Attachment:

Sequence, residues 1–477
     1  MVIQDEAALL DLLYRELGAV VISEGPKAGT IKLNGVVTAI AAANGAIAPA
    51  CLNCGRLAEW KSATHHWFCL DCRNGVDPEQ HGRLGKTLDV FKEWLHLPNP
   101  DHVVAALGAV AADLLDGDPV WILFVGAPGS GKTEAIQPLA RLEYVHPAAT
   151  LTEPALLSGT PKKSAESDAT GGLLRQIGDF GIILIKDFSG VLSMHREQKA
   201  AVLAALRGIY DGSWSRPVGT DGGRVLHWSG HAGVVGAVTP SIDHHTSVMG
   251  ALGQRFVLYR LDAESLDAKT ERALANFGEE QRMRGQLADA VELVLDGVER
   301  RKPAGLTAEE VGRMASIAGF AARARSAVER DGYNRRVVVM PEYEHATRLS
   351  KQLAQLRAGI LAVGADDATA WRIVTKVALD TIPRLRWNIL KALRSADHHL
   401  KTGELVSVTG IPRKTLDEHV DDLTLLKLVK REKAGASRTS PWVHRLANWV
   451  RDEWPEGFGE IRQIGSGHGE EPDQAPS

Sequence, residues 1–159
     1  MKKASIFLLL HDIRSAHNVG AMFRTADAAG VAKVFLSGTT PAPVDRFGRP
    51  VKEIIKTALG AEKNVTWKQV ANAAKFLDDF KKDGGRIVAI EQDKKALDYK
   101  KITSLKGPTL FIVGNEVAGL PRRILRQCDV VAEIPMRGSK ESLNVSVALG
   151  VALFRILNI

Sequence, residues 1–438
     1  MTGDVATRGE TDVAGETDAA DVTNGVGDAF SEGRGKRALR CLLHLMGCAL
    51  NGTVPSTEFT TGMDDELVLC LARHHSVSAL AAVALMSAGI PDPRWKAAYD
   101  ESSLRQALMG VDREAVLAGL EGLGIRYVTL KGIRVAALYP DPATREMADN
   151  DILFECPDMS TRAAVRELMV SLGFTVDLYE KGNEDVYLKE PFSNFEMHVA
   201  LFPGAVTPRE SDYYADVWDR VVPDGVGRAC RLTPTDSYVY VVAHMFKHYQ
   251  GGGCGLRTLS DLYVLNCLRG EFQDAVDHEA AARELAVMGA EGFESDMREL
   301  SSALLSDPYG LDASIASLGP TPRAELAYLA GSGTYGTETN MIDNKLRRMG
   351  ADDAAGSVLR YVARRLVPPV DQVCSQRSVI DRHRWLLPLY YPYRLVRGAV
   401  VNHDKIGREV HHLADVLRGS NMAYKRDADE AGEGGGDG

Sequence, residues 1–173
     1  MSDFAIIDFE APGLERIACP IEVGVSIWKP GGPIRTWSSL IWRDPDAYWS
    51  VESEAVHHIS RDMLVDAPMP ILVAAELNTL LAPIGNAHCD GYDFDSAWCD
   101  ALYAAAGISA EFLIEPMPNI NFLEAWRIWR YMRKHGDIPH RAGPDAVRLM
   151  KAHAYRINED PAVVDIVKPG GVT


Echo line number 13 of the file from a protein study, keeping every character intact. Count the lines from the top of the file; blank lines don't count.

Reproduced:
     1  MKKASIFLLL HDIRSAHNVG AMFRTADAAG VAKVFLSGTT PAPVDRFGRP